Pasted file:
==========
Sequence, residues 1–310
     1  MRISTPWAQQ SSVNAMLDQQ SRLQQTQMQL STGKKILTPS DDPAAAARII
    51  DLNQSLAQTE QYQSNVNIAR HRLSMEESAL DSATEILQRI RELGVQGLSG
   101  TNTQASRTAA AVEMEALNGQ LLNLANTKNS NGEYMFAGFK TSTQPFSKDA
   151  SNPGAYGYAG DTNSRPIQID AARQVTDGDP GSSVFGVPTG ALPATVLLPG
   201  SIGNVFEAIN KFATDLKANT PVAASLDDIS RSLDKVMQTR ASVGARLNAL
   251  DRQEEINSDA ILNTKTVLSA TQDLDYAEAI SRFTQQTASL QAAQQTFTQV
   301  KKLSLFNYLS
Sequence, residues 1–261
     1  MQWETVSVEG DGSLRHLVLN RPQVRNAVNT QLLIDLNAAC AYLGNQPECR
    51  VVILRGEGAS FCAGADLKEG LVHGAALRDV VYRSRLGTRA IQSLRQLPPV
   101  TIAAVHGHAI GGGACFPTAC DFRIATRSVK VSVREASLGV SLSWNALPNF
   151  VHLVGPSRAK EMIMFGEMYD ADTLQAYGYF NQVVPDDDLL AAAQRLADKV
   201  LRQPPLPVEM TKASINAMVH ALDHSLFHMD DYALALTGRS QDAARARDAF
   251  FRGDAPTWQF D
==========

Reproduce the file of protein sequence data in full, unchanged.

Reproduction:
Sequence, residues 1–310
     1  MRISTPWAQQ SSVNAMLDQQ SRLQQTQMQL STGKKILTPS DDPAAAARII
    51  DLNQSLAQTE QYQSNVNIAR HRLSMEESAL DSATEILQRI RELGVQGLSG
   101  TNTQASRTAA AVEMEALNGQ LLNLANTKNS NGEYMFAGFK TSTQPFSKDA
   151  SNPGAYGYAG DTNSRPIQID AARQVTDGDP GSSVFGVPTG ALPATVLLPG
   201  SIGNVFEAIN KFATDLKANT PVAASLDDIS RSLDKVMQTR ASVGARLNAL
   251  DRQEEINSDA ILNTKTVLSA TQDLDYAEAI SRFTQQTASL QAAQQTFTQV
   301  KKLSLFNYLS
Sequence, residues 1–261
     1  MQWETVSVEG DGSLRHLVLN RPQVRNAVNT QLLIDLNAAC AYLGNQPECR
    51  VVILRGEGAS FCAGADLKEG LVHGAALRDV VYRSRLGTRA IQSLRQLPPV
   101  TIAAVHGHAI GGGACFPTAC DFRIATRSVK VSVREASLGV SLSWNALPNF
   151  VHLVGPSRAK EMIMFGEMYD ADTLQAYGYF NQVVPDDDLL AAAQRLADKV
   201  LRQPPLPVEM TKASINAMVH ALDHSLFHMD DYALALTGRS QDAARARDAF
   251  FRGDAPTWQF D